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  • Open Access

P333: Understanding patient safety in Angola: a situational analysis at hospital Américo Boavida

  • JC Correia1,
  • L Antunes2,
  • JD Hightower3 and
  • SB Syed4
Antimicrobial Resistance and Infection Control20132(Suppl 1):P333

https://doi.org/10.1186/2047-2994-2-S1-P333

Published: 20 June 2013

Keywords

Patient SafetyHand HygieneSituational AnalysisImportant Public Health IssueImprove Population Health

Introduction

There is an increasing commitment in the African Region towards patient safety (PS) in hospitals, following acknowledgement that it is an important public health issue which needs to be addressed in order to improve population health.

Objectives

To define the state of PS at Américo Boavida Hospital (HAB) in Luanda and thus enhance understanding of PS in Angola.

Methods

Patient Safety Situational Analysis tool co-developed by WHO African Partnerships for Patient Safety was utilized. Data was gathered by a hospital team based on responsibilities in each of 12 PS areas, coordinated by an analysis lead. Data were analysed in each PS area, with a specific focus on infection prevention & control (IPC).

Results

Approximately two-thirds of PS questions asked were answered affirmatively for HAB. For IPC approximately 60% of questions had a positive response .Specific findings include: 1. multidisciplinary IPC hospital team but no doctor or nurse assigned full time to activities; 2. occupational medicine service conducts health worker IPC training; 3. adequate reliable supply of soap and alcohol based handrub; 4. hospital posters on hand hygiene and IPC; 5. microbiology service with capacity for microscopy and aerobic culture; 6. lack of triaging and isolation policy of patients at high risk of transmission of infections.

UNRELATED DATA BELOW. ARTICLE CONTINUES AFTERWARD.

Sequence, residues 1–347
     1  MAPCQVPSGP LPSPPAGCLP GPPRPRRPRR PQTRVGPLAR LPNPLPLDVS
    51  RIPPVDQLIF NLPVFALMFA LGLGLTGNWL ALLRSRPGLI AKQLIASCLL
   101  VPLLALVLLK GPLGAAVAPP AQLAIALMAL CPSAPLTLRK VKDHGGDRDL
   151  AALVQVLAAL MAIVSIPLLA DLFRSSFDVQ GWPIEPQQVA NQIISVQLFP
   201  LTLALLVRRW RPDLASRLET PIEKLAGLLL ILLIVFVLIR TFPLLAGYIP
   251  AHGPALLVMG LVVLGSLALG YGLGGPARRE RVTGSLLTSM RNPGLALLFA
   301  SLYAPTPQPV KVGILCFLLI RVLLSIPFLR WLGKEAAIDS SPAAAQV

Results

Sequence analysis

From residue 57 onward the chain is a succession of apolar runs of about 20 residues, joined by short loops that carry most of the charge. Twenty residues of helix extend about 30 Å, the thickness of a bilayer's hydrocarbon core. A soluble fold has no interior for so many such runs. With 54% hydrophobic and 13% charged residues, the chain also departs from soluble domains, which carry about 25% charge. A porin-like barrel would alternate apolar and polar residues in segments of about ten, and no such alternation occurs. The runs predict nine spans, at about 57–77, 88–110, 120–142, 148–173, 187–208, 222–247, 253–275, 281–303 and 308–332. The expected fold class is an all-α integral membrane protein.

In other areas, PS knowledge & learning, as well as PS & systems development had 90% positive responses. In medication safety, health worker protection and PS research & surveillance, affirmative responses averaged 80%. Health care waste management, linkage with national policies, PS funding and partnerships for PS revealed affirmative answers to questions posed of 60%, 50%, 40% and 25% respectively.

Conclusion

Self-reported data quality is subject to bias. However, self-assessment can catalyze internally driven hospital improvement. This first analysis serves as a robust PS baseline to plan hospital action to address shortcomings. Repeat PS situational analysis can track progress. The approach can also be replicated across hospitals in Angola to guide national action. Further, the areas of strength at HAB (identified through the PS analysis) can serve as a resource for hospitals in Angola.

Disclosure of interest

None declared

Authors’ Affiliations

(1)
Health, Permanent Mission of Angola, Geneva, Switzerland
(2)
Americo Boavida Hospital, Luanda, Angola
(3)
African Partnerships for Patient Safety, World Health Organization, Harare, Zimbabwe
(4)
African Partnerships for Patient Safety, World Health Organization, Geneva, Switzerland

Copyright

© Correia et al; licensee BioMed Central Ltd. 2013

This article is published under license to BioMed Central Ltd. This is an Open Access article distributed under the terms of the Creative Commons Attribution License (http://creativecommons.org/licenses/by/2.0), which permits unrestricted use, distribution, and reproduction in any medium, provided the original work is properly cited.

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